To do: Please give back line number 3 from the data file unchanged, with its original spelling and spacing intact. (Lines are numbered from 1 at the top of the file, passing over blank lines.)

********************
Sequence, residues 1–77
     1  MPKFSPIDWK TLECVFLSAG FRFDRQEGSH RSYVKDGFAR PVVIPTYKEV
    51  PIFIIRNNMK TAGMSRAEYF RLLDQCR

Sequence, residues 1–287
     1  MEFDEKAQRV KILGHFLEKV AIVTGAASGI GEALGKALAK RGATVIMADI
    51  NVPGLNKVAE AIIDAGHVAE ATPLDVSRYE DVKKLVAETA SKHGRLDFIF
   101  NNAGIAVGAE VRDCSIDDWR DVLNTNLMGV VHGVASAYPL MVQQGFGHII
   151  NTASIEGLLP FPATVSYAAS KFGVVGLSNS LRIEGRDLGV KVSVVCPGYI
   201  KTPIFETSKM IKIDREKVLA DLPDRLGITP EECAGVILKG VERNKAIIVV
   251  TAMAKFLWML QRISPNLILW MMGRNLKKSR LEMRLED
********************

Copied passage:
    51  PIFIIRNNMK TAGMSRAEYF RLLDQCR